Earlier this year the World Economic Forum warned that the global economy was at risk. In an economic mindset where growth is the one and only goal, the WEF warned that the world faces many challenges. The report said, “climate change is striking harder and more rapidly than expected, and a fragmented cyber space threatens the full potential of next generation technologies — all while citizens worldwide protest political and economic conditions, and voice concerns about systems that exacerbate inequality. The challenges before us demand immediate collective action, but fractures within the global community appear to only be widening.”
Those fractures, the separation between the haves and the have not’s, those with access to healthcare or not, those with legal residency or not, are worsened when people have no empathy, no tolerance for others. The ‘otherisation’ of those outside one’s own social group is the first step, and the placing of blame another. In the US, the president has been calling COVID 19 the Chinese virus, while Chinese media have reported rumours that the virus was brought to China by the US military.
What matters here is not who is to blame. Global pandemics appear in cycles and warning of our unpreparedness was released in a study as recently as September 2019. Given the encroachment of humanity into nature, it’s not surprising that a new disease has taken hold. What does matter is how we respond to it. Does the US rethink a model which leaves 26 million without access to healthcare? Do the world’s top 1% think about the redistribution of some of their wealth? Will pharma giants like Gilead be stopped from profiteering during this global blight? There are many options and the way in which our societies will evolve in response to the coronavirus event are impossible to picture now. Nonetheless the choices we make will define the future we live in, the one we pass down to our children.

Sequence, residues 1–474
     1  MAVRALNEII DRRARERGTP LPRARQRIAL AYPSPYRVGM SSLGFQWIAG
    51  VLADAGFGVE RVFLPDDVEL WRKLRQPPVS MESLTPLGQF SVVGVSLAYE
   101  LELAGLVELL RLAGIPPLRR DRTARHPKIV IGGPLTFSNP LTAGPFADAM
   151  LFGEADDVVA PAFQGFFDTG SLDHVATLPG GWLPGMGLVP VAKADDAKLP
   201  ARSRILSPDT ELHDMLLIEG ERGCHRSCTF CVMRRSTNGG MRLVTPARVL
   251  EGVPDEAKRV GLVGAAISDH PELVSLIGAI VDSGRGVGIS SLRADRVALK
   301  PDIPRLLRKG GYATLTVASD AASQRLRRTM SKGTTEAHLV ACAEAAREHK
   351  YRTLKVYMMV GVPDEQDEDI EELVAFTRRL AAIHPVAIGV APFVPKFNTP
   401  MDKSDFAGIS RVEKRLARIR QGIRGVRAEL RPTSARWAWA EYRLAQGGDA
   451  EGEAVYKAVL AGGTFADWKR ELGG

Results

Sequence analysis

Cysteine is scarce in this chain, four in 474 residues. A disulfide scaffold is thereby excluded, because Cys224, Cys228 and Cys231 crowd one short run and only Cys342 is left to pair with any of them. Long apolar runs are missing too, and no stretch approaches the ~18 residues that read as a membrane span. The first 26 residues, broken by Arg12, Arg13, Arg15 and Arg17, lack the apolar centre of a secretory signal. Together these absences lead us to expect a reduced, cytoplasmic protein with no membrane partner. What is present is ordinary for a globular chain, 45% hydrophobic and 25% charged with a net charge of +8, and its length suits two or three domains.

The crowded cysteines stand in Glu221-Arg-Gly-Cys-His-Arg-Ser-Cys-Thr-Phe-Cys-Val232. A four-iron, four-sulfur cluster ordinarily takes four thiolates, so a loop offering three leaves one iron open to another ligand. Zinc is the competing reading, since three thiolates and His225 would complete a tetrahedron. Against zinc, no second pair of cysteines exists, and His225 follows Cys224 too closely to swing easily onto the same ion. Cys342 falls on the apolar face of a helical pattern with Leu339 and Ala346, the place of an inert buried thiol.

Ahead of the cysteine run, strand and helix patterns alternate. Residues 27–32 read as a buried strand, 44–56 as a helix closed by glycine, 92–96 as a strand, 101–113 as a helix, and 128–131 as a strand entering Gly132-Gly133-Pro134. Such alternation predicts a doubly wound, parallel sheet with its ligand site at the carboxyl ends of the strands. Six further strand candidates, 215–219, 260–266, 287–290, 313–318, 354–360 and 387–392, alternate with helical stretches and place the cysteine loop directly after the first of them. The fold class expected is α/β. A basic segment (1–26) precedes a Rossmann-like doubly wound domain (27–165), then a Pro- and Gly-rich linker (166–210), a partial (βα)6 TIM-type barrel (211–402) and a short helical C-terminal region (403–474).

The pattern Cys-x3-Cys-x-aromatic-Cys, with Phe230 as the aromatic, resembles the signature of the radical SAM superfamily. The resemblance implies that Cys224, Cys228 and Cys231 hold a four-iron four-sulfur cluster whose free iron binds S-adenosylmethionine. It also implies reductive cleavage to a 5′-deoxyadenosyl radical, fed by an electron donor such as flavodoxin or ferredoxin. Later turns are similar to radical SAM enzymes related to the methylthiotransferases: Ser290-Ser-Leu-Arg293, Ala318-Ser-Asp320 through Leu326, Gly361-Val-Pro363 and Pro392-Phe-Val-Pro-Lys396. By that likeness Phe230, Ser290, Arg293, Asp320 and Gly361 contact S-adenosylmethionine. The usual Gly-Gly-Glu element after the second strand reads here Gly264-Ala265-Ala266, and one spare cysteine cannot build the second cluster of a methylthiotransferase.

With around 20% of the global population under quarantine and up to 40% under restrictions, and potentially millions of people around the world now unemployed, we need to work together more than ever. This has been recognised to an extent by governments, who are putting economic stimulus in place to ensure that work continues for as many as possible. There has been a recognition that our societies are interconnected and interdependent, as are our economies. What the coronovirus crisis has highlighted is that if people can’t pay their rent, buy food, service debt, pay bills, the economy will collapse. Money runs throughout the economy like water through an ecosystem – if one part of that system fails, then a cascade effect can occur. What we need to do is ensure that every member of society is taken care of.
The first step towards taking care of each other is ensuring that we value each other. That means empathy and that means tolerance – giving to others the rights we demand for ourselves. We stand at a pivotal point in our development as a global society and it’s important that we move forward in the right way. A focus on what we have in common, from responding to emergencies, doing no harm and building a peaceful future together, can transform the way our societies work. Mutual understanding and dialogue under-pin a better world.
The original version of this article appeared in the April 2020 issue of Education Today.